A writ of Mandamus cannot be issued to the Union of India directing a foreign country to pay compensation before International Court of Justice , is the dictum laid down recently by the Kerala High Court in Margaret D’cruz v Union of India & others [W.A No:1271 of 2013]
The petitioner's husband, Mr Wilfred D'Cruz, was employed as telex Operator in Riyadh (Saudi Arabia) in a company named “M/s.Jassir.S.AL-Obeid Corporation for Trading and Contracting”. On 18.05.1985 when the said Wilfred D'Cruz was walking towards the bus stop from his office, some explosive substance kept in a garbage can by the side of the road exploded, killing him instantaneously. The company, under which the petitioner's husband was employed, sent a communication dated 28.07.1985 addressed to the Indian Embassy Riyadh sending a cheque of Saudi Riyal 6668/- as salary of May, 1985, transportation allowances, Housing Allowances, overtime work and Ramadan Bonus.
Alleging that the compensation was unjust ,the Petitioner approached Indian embassy at Riyadh, Kingdom of Saudi Arabia to take steps through proper channel before Kingdom of Saudi Arabia(KSA) to award her as well her children, the claim of death compensation(blood money) towards death of her husband from the employer and concerned authorities of KSA.The authorities through embassy of Kingdom of Saudi Arabia informed the petitioner that no death compensation is admissible, as no one has been held responsible/identified for the death of petitioner's husband. It was further stated that under Shariat Laws, death compensation is to be paid by the person held responsible for the death.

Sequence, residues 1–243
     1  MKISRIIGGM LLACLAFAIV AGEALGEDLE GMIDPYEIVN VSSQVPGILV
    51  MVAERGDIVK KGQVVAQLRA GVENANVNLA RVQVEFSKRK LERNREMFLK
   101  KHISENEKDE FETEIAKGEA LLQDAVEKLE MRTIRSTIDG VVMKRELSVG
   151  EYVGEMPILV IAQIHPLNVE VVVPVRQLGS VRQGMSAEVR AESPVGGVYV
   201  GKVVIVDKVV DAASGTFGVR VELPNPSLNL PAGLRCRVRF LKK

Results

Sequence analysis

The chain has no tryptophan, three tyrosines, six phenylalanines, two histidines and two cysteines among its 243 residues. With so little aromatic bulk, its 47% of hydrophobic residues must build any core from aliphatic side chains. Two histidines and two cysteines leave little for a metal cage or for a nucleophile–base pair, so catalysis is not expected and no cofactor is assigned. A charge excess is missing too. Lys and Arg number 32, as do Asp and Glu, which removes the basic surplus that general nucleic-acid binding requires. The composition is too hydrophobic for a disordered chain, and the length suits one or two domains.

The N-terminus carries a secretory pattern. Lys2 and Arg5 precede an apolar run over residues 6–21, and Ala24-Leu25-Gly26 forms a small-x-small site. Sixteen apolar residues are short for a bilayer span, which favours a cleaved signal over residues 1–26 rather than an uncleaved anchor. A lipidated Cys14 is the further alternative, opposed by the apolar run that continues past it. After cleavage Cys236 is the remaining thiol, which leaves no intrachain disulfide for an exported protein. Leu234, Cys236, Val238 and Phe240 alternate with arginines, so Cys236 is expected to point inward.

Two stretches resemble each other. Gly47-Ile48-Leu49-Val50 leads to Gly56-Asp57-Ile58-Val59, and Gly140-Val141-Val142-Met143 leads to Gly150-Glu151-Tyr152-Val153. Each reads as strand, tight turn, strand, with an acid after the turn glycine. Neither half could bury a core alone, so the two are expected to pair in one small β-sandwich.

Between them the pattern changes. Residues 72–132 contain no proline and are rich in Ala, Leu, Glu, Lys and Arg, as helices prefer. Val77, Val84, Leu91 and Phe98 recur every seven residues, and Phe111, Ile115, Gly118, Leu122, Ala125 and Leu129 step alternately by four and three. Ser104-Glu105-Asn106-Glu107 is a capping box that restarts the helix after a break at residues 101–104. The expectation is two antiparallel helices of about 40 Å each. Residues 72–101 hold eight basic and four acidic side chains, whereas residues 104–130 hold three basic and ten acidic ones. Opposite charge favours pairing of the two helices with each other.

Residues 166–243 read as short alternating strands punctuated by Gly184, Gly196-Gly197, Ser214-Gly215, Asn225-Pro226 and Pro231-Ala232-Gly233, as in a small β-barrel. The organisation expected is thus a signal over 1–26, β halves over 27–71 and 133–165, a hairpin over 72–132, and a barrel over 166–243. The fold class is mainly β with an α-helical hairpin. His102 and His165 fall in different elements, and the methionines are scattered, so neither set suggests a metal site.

In the W.P(C) filed before the single bench, a direction was issued to the Foreign ministry to pay a compensation of Rs 5 lakhs to the petitioner. The State government considering the pitiable financial situation of the petitioner agreed to awarded a further compensation of 1lakh to the petitioner .Noting the above, the single judge closed the W.P(c).The matter was taken in appeal to the Division Bench , impugning the action of the single judge in refusing a direction of Mandamus to the Government of India to prefer a claim against the Saudi Arabian Government in the International Court of Justice for and on behalf of the appellant for the death compensation of her husband.
The appellant contended that she suffered the loss of her husband , an Indian national in a foreign territory which could not be properly redressed by authorities of KSA.The said inaction from the authorities amounted to an international wrong/breach of duty which could only be remedied in International Forum i.e International Court of Justice and hence ought to done so on behalf of the appellant, by the Government of India.
After thoroughly understanding the relevant authorities namely Stark’s International Law as well as D.W Greigh’s, International Law more specifically to “International Claims-I State Responsibility”, perusing foreign judgments and examining various statutory prescriptions, leading to Articles 34 to 37 contained in Chapter II of Statute of International Court of Justice and Article 92 in the statute, the Division bench comprising of Chief Justice Ashok Bhushan and Justice A.M Shaffique rejected the contentions of the appellant holding that authorities of KSA were not in any manner liable/responsible to compensate the appellant for the untimely death of her husband. It was further opined that a writ of mandamus could not be issued to Union government to claim compensation before International Court of Justice against KSA.
The Division bench observed:- “In the present case it is clear that although the Embassy of India, Riyadh, KSA had taken the claim of the petitioner with the Ministry of Foreign Affairs, KSA, no relief could be obtained diplomatically. It is true that in all cases it is not necessary that a claim under local laws be raised. But the aforesaid principle is also a principle while considering a State to raise a claim before the International Court of Justice. There is one more aspect of the matter which needs consideration. As per the Statute of International Court of Justice it is the State which can be a party to the dispute raised before the International Court of Justice. Article 34(1) as noted above provides “only States may be parties in the case before the Court.” The decision as to whether a particular claim is to be raised in the International Court of Justice is primarily in the discretion of the State”.
Read the Judgment here.